In Focus94 Rory Fogarty discussed Fracking; the controversial extraction process that meets local protests across the world.
Exploratory fracking contracts have been awarded in Fermanagh, as the UK government pursues a pro-fracking economic policy, are protests worldwide the sign of things to come for Ireland?
Hydraulic fracturing is the extraction of natural gas from shale rock by injecting a mixture of water, oils, sand and chemicals into the earth. The process is under intense scrutiny internationally.
Earlier this May, a confrontation between 700 police officers and up to 5,000 protesters was averted following the suspension of oil company Metgasco’s exploratory fracking license in New South Wales, pending investigation of corruption charges.
In Balcombe in the UK last August, 2 months of protest blockades resulted in oil company Cuadrilla suspending operations.These protests at heart were over fear of air and water contamination, the loss of livelihood and the scarring of landscapes. There is evidence, albeit disputed, that show it as devastating to the environment and local inhabitants. The US Environmental Protection Agency has investigated hundreds of complaints dealing with water contamination, noxious gases, headaches and even cancers. Their initial report found a link with well contamination and the waste water returning to the surface, as well as health hazards, but these findings remain not definitively verified.
Conversely members of the UK government and lobbyists advocate fracking as an essential piece of economic recovery. They point to reviews by the Royal Society and the Royal Academy of Engineering which suggest fracking is entirely safe providing strong regulation is implemented.
However contested, these findings form the context for resistance internationally. In Northern Ireland, an exploratory fracking contract granted to Australian mining company Tambornan sparked outrage from both sides of the Fermanagh-Leitrim border.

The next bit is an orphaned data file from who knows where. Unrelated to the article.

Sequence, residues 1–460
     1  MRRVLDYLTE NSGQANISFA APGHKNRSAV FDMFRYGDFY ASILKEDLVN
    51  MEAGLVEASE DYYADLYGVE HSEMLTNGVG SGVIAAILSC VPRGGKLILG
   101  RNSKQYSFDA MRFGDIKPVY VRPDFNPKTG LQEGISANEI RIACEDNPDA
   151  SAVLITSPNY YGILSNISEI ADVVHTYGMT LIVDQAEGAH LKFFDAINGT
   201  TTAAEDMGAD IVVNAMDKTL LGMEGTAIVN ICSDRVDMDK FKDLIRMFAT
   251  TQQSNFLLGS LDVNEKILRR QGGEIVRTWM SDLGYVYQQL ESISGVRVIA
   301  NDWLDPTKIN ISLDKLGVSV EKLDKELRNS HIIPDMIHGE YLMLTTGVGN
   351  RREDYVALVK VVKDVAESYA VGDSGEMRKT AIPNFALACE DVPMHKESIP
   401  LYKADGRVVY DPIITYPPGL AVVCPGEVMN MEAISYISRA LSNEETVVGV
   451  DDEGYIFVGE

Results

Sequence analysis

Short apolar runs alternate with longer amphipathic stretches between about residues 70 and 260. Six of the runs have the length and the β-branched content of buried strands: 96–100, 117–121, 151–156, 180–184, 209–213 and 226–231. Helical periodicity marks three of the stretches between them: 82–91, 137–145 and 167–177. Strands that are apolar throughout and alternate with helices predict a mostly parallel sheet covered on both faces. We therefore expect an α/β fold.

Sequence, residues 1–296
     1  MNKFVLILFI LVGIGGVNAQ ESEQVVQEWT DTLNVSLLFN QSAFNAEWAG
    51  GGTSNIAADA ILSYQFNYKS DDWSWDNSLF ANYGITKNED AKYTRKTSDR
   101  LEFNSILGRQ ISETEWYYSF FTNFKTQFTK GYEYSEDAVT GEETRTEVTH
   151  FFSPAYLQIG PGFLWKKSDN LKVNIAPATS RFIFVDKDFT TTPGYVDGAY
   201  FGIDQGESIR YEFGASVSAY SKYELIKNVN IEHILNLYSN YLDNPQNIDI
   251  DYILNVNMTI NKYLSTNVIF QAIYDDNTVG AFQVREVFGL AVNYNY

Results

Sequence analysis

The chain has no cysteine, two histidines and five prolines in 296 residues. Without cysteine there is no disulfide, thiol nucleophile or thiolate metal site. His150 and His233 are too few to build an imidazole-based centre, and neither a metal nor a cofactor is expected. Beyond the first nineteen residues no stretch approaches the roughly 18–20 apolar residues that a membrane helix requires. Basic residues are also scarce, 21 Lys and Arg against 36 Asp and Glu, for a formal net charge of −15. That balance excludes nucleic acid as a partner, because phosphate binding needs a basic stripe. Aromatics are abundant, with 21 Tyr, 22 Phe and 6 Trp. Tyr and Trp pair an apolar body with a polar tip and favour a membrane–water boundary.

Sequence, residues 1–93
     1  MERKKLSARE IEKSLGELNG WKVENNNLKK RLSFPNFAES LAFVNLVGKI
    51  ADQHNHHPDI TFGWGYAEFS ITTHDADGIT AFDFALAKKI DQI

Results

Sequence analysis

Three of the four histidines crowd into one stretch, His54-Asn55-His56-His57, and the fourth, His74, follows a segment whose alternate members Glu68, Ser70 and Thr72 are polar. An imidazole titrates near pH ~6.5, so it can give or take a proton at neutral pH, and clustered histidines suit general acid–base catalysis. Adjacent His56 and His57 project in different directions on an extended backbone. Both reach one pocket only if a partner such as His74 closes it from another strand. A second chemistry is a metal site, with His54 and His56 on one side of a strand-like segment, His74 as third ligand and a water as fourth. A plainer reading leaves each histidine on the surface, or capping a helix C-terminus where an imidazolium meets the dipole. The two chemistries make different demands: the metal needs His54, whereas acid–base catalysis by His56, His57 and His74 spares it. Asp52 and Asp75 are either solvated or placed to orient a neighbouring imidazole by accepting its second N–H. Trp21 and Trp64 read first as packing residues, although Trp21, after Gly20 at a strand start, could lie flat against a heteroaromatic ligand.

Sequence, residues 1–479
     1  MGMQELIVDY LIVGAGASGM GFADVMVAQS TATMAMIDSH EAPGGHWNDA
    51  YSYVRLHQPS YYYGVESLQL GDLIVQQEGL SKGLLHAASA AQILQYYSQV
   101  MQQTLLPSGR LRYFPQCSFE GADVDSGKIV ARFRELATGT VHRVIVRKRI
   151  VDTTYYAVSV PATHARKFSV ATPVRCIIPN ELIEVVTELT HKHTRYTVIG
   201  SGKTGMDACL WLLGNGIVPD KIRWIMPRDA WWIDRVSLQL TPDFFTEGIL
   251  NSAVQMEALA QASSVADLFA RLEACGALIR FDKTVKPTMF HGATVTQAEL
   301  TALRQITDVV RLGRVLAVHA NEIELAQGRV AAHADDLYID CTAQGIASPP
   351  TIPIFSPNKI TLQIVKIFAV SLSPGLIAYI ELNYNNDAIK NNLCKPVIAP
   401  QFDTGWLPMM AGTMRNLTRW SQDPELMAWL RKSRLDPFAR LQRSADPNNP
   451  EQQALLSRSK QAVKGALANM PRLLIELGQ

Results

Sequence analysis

After 1,000-strong demonstrations, road-blocks and legal cases, local politicians proposed a referendum on the issue be held. Also, sitting Agriculture Minister Michelle O’Neill committed to blocking any fracking activities on land under her department’s control, with local MLA Phil Flanagan stating that “Fracking poses a very real risk to the success of our farming industry, which is vital in counties like Fermanagh and Leitrim.”
In the Republic, fears have been expressed on contamination of the Shannon from extraction in Fermanagh, which would affect thousands of landowners along its banks and thousands who rely on it for water supply. Tommy Earley, Chairman of Leitrim Organic Farmers, stated that if fracking went ahead “you couldn’t guarantee the quality of your meat, and in other parts of the world, farmers have been told that if your produce comes from an area that is fracked – we don’t want it anymore”
When asked if there were any circumstances in which fracking would be acceptable, Eric Burke of No Fracking Dublin stated that “there is a growing body of evidence which outlines the extremely deleterious effect of hydraulic fracturing. It is an attack on our security…It is an attack on our basic human rights. That is never acceptable.”